Welcome to part two in this five-part series on airframe structures. In this post we’ll be focusing on the fuselage; specifically, we discuss the design of a typical semi-monocoque structure, and the various structural components and loadings that contribute to the final design.
If you missed part one, then perhaps go back and read this before continuing as this provides an overview on structural loading and design.
The wing is covered in part three, flaps in part four, and the tail in part five.
The fuselage is the name given to the main body of the aircraft and houses the pilots, crew, passengers, and cargo. The wings and tail section are attached to the fuselage, and depending on the design of the aircraft, may include engine attachments too.
The fuselage does more than just house the occupants of the aircraft; it must be sized and designed to ensure that the wings and tail are positioned in such a way so as to keep the aircraft statically stable through the designed center of gravity envelope. A statically stable aircraft is one that will tend to return to straight and level flight if the controls are released, which is a requirement for all civil and general aviation aircraft.
The fuselage is one of the primary contributors to the total drag force produced by an aircraft in flight and so must be carefully shaped to be as aerodynamic as possible in an effort to minimize drag. There is of course some balance that must be sought between low aerodynamic drag and payload and passenger comfort.
The fuselage structure must be sufficiently strong to ensure safe operation throughout the flight envelope. A semi-monocoque structural design is usually favoured; where the sub-structure and the skins work together to absorb and transfer the loads generated during flight.
The various structural design methodologies were discussed in part one of this series. Here we are only going to consider the semi-monocoque design philosophy, and how it relates to the fuselage structure.
In a semi-monocoque structure both the outer skin and the internal substructure are load bearing, and both contribute to the overall stiffness of the structure. This design methodology was born out of the use of aluminium, rather than steel or wood, as the primary structural material used to manufacture airframe structures. Aluminium has many advantages over steel. The density of an aluminium alloy is approximately one-third that of steel which allows for thicker structural sections to be built without any weight penalty. Thicker skins are advantageous as these are less likely to buckle under load, resulting in a more efficient structure.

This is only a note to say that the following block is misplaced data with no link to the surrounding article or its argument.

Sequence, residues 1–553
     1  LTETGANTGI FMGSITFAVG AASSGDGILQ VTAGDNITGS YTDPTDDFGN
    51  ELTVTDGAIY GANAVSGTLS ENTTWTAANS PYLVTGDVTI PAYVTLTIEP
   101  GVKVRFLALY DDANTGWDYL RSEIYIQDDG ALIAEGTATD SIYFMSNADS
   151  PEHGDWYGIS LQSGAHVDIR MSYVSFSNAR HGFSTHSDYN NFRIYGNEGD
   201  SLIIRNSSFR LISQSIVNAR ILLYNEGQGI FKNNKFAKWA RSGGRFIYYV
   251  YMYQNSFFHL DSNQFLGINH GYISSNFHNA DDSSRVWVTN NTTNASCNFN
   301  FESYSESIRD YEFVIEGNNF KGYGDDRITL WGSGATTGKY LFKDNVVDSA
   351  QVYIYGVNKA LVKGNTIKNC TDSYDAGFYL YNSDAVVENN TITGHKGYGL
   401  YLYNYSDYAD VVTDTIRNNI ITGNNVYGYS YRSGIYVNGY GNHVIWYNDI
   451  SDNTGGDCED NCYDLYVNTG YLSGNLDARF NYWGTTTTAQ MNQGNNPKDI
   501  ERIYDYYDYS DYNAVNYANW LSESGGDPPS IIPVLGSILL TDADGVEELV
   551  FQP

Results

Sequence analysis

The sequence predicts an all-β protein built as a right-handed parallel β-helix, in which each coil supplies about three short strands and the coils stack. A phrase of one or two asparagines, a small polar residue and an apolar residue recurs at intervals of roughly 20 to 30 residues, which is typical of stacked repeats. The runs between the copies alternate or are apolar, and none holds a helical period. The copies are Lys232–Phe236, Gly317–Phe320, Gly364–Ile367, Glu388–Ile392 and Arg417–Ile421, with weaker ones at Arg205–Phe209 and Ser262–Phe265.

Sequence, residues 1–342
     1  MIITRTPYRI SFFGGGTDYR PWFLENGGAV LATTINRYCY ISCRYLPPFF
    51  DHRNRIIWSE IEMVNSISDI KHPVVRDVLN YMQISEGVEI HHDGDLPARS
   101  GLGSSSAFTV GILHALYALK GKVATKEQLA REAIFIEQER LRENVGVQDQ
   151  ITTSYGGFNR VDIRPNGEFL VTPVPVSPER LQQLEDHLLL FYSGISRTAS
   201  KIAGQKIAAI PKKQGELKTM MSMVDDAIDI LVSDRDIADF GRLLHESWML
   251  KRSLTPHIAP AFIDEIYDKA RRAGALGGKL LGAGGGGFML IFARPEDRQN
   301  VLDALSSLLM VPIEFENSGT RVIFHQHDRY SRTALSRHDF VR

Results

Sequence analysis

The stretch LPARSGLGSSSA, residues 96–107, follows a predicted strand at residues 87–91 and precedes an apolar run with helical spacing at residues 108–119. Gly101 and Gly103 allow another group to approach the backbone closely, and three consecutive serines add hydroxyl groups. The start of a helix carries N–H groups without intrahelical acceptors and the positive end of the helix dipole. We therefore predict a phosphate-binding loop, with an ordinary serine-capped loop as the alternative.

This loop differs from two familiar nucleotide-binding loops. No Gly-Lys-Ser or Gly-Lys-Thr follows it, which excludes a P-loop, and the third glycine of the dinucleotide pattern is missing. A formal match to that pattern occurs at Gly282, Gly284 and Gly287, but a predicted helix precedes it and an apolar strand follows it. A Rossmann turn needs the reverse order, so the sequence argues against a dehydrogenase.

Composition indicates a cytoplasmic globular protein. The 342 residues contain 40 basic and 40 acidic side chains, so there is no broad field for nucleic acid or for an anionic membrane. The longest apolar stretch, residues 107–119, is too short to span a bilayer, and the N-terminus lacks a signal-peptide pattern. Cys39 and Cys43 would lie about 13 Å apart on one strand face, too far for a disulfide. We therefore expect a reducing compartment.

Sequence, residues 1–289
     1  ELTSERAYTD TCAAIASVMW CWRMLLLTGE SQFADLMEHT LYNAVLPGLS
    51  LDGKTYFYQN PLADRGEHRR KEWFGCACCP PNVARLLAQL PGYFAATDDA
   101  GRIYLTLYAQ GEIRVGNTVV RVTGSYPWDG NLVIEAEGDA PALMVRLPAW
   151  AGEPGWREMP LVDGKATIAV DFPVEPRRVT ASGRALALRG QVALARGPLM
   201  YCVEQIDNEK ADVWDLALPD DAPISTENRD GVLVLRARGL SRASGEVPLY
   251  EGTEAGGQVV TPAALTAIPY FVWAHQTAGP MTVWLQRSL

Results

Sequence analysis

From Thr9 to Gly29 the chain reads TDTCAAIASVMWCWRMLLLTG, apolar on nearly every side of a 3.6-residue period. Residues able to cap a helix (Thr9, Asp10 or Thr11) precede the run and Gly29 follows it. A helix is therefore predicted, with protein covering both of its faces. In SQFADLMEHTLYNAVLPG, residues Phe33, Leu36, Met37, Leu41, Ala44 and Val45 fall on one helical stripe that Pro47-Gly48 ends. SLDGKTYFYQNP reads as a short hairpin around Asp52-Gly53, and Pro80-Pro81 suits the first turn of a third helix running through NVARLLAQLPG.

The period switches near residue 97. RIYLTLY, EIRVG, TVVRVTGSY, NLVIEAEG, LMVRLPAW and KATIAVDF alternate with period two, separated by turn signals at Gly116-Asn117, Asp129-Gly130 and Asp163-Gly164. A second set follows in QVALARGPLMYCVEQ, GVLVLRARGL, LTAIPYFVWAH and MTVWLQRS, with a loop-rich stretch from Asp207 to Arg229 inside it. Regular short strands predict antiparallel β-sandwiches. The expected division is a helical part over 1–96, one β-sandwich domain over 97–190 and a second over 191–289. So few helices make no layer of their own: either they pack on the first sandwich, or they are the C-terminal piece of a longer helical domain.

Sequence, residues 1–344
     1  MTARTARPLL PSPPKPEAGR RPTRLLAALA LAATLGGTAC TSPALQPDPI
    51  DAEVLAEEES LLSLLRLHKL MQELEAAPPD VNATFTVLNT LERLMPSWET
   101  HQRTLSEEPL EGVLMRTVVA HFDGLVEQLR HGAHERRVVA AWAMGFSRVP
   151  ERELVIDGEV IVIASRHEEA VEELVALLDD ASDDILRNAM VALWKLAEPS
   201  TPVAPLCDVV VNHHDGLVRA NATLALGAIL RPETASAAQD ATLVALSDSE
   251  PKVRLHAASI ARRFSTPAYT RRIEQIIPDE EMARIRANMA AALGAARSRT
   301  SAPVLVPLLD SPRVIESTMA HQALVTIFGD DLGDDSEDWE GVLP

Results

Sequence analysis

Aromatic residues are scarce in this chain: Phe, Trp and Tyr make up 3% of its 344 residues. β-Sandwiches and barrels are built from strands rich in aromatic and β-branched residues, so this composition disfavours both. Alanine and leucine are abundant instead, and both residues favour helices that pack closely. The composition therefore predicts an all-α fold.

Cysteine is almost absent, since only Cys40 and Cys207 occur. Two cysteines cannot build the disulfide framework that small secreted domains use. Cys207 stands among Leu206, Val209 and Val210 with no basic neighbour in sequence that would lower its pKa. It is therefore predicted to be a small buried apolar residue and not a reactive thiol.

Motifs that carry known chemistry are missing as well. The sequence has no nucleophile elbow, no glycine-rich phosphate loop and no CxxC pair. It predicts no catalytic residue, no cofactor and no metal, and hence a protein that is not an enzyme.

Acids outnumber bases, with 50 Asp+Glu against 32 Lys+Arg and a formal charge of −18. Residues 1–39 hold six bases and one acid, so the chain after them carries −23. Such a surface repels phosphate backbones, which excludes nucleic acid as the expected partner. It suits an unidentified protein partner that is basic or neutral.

A typical semi-monocoque fuselage consists of the following elements:
Stringers or Longerons
These make up the longitudinal components of the structure. Their primary aim is to transmit the axial loads (tension and compression) that arise from the tendency of the fuselage to bend under loading. The stringers also support the skin, and when combined with the frames, create bays over which the skin is attached.
Frames are transverse elements that define the cross-section of the fuselage. They are typically spaced approximately 20 inches apart and define the aerodynamic shape. The frames and stringers are spaced in such a way to ensure that the resulting bays that are created support the skins against buckling. Frames also provide a means to introduce point loads into the fuselage. Large frames are required at the wing-fuselage and tail-fuselage interface to transmit the loads generated by these lifting surfaces into the fuselage.
The load-bearing skins are attached to the stringers and frames of an aluminium aircraft through rivets. The skins carry load through shear and transmit this shear into the stiffeners. In a pressurized aircraft the skin works with the frames to oppose the internal pressure load. The skin’s ability to carry and transmit shear is reduced if the skin is allowed to buckle; this forms a constraint that determines the spacing of the stringers and frames.
The fuselage will see a combination of loads from multiple sources during a typical flight. Large bending loads are introduced from the wing and tail sections, as well as a torsional load from the pitching moment of the wing.
The fuselage generates its own aerodynamic loads during flight which must be reacted by the structure. These external pressure loads combine with internal pressure loads if the aircraft is pressurized.
Landing loads introduced into the fuselage can be particularly severe if the landing is executed poorly.
Finally, crew and passenger movements, as well as baggage requirements should also be considered in the final structural layout and design.
All these load cases, and the interaction between cases must be considered to arrive at a final design. The structure must be strong enough to withstand these loads at the Ultimate Load Factor determined by the applicable airworthiness regulations in order to ensure the safety of the crew and passengers.
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